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Should I talk to the Police?

Posted by E. W. Childers | Sep 18, 2019 | 0 Comments

No. Identify yourself, provide your license and insurance, but otherwise decline to answer questions.

Why Not Talk to the Police?

It is perfectly possible to implicate yourself in a crime you didn't commit. Something as simple as admitting that you were anywhere near a crime scene (possibly when you don't even know that a crime was committed) can cause you a lot of trouble even if you are later able to extricate yourself. There are plenty of other such facts: do you own a firearm, where were you, have you been drinking, where were you going? The list of things that you can say that can be used to incriminate yourself is endless. And the fact is, you are under no obligation to give any information of any variety that would tend to implicate you in a crime. You have the absolute right to remain silent and to demand a lawyer be present during any questioning, but be aware that you have to say it out loud, "I'm not answering any questions, I want a lawyer." Repeat it as many times as it takes to end the questioning.

Another issue is that if you intentionally or accidentally give inaccurate information to the police they're going to verify it, then, when it turns out to be inaccurate, you will be accused of lying which makes anything you say afterword forever subject to impeachment (a court argument that your testimony is untruthful) by skillful prosecutors even if you give perfectly accurate verifiable information afterword. So, for example, the police ask where you came from. "I came from Joe's place (or wherever)." They call Joe and Joe says, "I haven't seen him in a couple of days..." Maybe you were nervous and meant James. Doesn't matter, now you're a liar instead of someone who stood on his Constitutional right to remain silent. An attorney can help you to transmit information in an accurate way or (more likely) just advise you not to answer at all.

If you don't believe me, listen to a United States Supreme Court Justice. Here's what Justice Jackson said about this:

To subject one without counsel to questioning which may and is intended to convict him, is a real peril to individual freedom. To bring in a lawyer means a real peril to solution of the crime because, under our adversary system, he deems that his sole duty is to protect his client- guilty or innocent-and that in such a capacity he owes no duty whatever to help society solve its crime problem. Under this conception of criminal procedure, any lawyer worth his salt will tell the suspect in no uncertain terms to make no statement to police under any circumstances.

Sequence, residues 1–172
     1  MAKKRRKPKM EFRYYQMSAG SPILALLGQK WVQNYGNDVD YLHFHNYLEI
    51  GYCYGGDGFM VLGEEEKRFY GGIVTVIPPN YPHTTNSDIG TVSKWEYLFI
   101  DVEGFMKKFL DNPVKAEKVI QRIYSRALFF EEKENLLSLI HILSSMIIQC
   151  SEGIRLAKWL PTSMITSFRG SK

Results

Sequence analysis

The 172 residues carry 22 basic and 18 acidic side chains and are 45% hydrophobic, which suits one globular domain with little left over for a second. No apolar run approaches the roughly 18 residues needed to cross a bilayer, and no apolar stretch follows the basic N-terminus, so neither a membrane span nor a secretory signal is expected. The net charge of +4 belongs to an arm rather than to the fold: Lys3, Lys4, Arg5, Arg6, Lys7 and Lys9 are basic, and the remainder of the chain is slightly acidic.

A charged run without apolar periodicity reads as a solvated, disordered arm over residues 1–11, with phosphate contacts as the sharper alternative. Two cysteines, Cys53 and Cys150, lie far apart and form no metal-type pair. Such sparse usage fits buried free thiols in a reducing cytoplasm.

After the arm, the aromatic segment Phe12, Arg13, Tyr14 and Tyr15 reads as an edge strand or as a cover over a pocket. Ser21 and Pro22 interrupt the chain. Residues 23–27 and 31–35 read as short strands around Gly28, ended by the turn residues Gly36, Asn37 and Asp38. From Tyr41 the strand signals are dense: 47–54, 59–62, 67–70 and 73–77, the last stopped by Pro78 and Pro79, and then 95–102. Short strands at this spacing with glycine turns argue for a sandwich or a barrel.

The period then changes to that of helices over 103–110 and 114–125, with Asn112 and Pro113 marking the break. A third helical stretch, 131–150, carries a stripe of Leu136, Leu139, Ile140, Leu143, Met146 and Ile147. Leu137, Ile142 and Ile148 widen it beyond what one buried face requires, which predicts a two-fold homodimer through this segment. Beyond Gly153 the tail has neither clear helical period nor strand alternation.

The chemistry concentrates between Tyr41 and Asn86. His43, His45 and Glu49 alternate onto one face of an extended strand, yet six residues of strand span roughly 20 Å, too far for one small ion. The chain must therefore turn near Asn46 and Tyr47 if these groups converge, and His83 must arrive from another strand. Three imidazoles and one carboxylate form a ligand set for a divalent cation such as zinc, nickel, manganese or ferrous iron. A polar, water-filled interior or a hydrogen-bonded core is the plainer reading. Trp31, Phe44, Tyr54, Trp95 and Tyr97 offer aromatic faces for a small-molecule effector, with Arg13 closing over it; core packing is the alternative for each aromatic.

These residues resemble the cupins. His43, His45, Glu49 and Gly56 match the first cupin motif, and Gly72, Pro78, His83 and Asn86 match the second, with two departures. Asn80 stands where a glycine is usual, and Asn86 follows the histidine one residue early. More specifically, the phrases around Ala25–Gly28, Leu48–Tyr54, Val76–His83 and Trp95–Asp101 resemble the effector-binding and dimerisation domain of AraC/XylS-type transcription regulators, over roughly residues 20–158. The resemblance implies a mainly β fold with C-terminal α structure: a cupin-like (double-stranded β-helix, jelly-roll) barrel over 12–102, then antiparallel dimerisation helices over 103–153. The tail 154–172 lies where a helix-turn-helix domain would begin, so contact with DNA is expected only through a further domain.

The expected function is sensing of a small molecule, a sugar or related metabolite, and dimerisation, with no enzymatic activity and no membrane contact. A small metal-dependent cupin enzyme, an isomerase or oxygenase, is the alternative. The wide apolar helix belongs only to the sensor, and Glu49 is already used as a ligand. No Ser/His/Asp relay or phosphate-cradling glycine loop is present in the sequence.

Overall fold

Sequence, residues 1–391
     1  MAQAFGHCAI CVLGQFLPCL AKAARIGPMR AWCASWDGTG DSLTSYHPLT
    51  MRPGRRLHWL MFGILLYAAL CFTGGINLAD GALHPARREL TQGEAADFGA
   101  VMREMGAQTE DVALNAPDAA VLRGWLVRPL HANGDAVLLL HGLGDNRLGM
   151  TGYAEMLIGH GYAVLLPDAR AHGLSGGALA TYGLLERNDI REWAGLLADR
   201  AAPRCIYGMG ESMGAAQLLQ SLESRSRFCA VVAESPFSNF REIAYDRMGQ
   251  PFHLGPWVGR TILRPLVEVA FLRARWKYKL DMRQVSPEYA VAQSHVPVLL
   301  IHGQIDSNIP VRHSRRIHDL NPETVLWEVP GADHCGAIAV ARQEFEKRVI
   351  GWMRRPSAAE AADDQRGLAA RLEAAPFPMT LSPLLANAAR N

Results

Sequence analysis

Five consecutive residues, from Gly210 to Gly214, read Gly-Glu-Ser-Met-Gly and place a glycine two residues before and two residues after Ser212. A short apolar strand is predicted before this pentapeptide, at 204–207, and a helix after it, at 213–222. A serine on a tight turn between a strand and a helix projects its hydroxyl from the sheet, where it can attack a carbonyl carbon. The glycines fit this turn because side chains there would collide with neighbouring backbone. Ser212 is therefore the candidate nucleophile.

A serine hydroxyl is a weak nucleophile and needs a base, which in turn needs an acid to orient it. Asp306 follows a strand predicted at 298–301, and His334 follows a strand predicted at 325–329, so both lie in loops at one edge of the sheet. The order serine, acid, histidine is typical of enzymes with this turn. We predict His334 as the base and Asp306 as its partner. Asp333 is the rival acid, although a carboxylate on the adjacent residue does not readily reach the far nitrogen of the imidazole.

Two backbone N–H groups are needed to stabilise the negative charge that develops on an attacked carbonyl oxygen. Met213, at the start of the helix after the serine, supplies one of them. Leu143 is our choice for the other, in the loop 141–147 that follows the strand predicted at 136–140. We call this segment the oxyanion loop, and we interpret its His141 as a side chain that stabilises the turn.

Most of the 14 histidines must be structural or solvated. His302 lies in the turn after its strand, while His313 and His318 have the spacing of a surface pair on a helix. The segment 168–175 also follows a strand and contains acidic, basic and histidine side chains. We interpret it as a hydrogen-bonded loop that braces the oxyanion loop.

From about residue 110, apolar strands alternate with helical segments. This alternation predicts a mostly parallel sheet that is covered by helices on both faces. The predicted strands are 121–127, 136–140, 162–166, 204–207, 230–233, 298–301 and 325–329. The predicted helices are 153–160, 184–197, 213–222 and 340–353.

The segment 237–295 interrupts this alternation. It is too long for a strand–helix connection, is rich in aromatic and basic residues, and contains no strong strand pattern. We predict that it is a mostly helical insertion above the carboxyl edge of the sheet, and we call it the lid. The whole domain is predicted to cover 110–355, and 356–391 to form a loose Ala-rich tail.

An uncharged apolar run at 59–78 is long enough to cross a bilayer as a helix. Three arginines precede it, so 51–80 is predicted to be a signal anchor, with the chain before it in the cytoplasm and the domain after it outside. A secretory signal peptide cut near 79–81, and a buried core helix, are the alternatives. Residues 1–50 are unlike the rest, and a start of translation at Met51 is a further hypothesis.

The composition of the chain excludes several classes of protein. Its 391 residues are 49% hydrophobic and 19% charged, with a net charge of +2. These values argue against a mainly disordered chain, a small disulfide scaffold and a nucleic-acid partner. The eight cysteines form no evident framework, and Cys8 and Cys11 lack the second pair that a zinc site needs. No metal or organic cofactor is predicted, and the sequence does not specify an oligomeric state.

-- Watts v. Indiana, 338 U.S. 49 (1949)

The funny thing about what Justice Jackson said was that he was arguing against the right to remain silent, he wanted the guy convicted based on what he said because he thought our system shouldn't work in his favor, but given how the majority ruled in Watts his advice is to keep your mouth shut.

Don't They Have to Read Me My Miranda Rights?

The answer is to this question is complicated, but the practical rule is simple: don't talk without a lawyer. Sometimes they have to Mirandize you and sometimes they don't. The very basic rule is that you have to be informed of your rights before you are questioned by police while in custody or custodial detention. When are you in custody? When you can't leave. Many times they won't bother to question you after they have arrested you anyway. They want your confession or the admission of any facts that will help them charge and convict you of the crime they are investigating. To this end they often give you back your documents, but then keep trying to have a conversation with you.

Here's an example of this: the Oklahoma Bureau of Narcotics patrols the highways with unmarked cars (but you know which ones they are, they're generally obvious). They will radar cars they are interested in searching and pull them over doing 72 in a 70 or for other minor traffic infractions. They talk to the driver, run a check for any warrants and try to generate reasons to search the car. Often they have a dog handy to sniff the car (if the dog "hits" on the car then they have probable cause to search the car). Usually they have the driver and/or passengers sit in their patrol unit while they write up a warning (they don't want to go to traffic court, they're just interested in drugs) and having given you your documents and the warning then ask you if there's any contraband in the car and if they can take a look. It's amazing how many people say "yes" when they should have just asked if they can leave.

Don't talk. Identify yourself, give your license, give your insurance verification (or car rental agreement). Keep your mouth shut and, often, you can leave. During no portion of this example were the police required to Mirandize the person they were questioning. After all the questions didn't arise until the driver was free to leave (got his documents and ticket or warning handed to him).

Don't talk. If you are a suspect you aren't talking your way out of it, but sometimes you can be quiet and be left alone. You don't have the right to jabber, you have the right to be quiet. You have that right for a reason, exercise it.

About the Author

E. W. Childers

I am a husband, father, Army veteran, and attorney here in Norman, Oklahoma. I've been practicing law throughout Central Oklahoma since 2006 shortly after I graduated from the OU College of Law. In my practice I have emphasized Family Law, Criminal Defense, and Personal Injury. I like to help peo...


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